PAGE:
Wheaton College Norton, Massachusetts

Letter to the editor

I am delighted to see so many Wheaton undergraduates and alumnae/i engaged in great service projects all over the world. And I wonder whether there is a comparable level of interest and commitment to working to improve the quality of life for the poor in American cities, following the example of Judith Garcia ’13, who was elected to the Chelsea, Mass., City Council and was featured in the spring issue of the Quarterly.

While I was at Wheaton, Professor Richard Robbins’s course in “Urban Sociology” sparked my interest in city planning, which then turned into a challenging career in urban education reform. I hope the Wheaton curriculum is still addressing these issues, as the growing gulf between the rich and the poor is the great domestic challenge of our time, while that gulf is narrowing around the world.

I would be delighted to mentor students interested in internships and jobs in Philadelphia, a booming city for millennials, which also happens to be one of the poorest big cities in America.

—Debra “Debbie” Weiner ’67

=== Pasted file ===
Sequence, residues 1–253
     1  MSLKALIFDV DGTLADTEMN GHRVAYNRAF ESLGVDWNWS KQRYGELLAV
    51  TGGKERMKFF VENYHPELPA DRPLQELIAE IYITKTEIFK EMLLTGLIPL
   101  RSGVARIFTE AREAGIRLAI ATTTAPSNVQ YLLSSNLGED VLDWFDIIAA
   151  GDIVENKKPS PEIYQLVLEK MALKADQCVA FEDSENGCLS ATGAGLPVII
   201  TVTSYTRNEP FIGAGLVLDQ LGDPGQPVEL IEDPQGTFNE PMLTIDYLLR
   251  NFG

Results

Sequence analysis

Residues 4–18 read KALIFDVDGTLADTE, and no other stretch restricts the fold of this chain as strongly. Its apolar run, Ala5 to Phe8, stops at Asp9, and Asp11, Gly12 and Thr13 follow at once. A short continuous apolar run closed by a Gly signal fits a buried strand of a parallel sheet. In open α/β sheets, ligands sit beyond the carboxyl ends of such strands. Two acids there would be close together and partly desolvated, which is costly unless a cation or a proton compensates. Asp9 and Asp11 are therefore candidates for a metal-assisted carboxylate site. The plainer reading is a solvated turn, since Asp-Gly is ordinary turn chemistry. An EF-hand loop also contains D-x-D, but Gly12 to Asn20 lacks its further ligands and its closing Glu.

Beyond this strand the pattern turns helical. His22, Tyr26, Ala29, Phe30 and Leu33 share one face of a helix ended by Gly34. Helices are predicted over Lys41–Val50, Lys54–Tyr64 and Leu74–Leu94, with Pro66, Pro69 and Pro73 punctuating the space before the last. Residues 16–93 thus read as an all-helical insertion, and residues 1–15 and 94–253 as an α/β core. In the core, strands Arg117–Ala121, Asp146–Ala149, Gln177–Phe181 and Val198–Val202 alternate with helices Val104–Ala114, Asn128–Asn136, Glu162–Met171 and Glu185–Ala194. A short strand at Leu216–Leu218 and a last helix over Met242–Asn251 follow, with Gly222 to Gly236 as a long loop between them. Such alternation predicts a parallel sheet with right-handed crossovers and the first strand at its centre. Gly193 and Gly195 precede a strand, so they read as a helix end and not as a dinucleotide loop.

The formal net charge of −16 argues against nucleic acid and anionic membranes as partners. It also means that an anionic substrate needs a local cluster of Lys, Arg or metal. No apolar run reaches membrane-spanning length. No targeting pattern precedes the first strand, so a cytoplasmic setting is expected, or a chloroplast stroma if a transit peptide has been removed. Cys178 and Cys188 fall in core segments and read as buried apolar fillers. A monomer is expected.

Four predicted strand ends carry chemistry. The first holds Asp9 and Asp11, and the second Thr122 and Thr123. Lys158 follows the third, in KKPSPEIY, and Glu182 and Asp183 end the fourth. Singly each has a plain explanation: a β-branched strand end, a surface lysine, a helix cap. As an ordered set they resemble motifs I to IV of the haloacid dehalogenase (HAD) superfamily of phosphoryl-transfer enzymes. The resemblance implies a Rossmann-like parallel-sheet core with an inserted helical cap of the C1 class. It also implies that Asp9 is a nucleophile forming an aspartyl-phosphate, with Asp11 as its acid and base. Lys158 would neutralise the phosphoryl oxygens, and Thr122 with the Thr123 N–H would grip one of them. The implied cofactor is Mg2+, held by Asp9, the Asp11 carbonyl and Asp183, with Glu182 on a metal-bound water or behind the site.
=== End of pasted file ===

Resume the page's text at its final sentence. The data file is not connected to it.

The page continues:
Winter interns work through break

What might the future look like? That’s the question 19 students spent winter break considering as they explored potential future careers during internships. Each year, Wheaton’s Winternship initiative provides stipends for students to work in schools, health clinics, nonprofit organizations and corporate settings. The Filene Center for Academic Advising and Career Services launched the program in 2013 with funding from the Nancy Lyon Porter ’43 Community Service Fellowship program, the Blakely Fetridge Bundy ’66 Work and Learning Fellowship, and the Talanian Family Work and Learning Fellowship. Here’s a glimpse of some of the student experiences. [Read more...]

Gallery: Making of Cowduck

Charlotte Middleton ’18, a studio art major, helped bring Cowduck back to "life" as a sculpture. The sculpture was installed on a rock in Peacock Pond in spring 2015 by Assistant Professor of Art Kelly Goff. Here is a look at the process. (Photos by Keith Nordstrom)

Publications, honors and creative works: Faculty

Alex Bloom, professor of history, published the article “The Complicated Legacy of 1960s Conservatism” in Reviews in American History in December 2015.

Beverly Clark, professor of English, published the chapter “The Critical Reception of Little Women” in Critical Insights: Little Women (Salem Press, 2015).

John Collins, professor of physics, published the article “Non-radiative Processes in Crystals and in Nanocrystals” in ECS Journal of Solid State Science and Technology in January. [Read more...]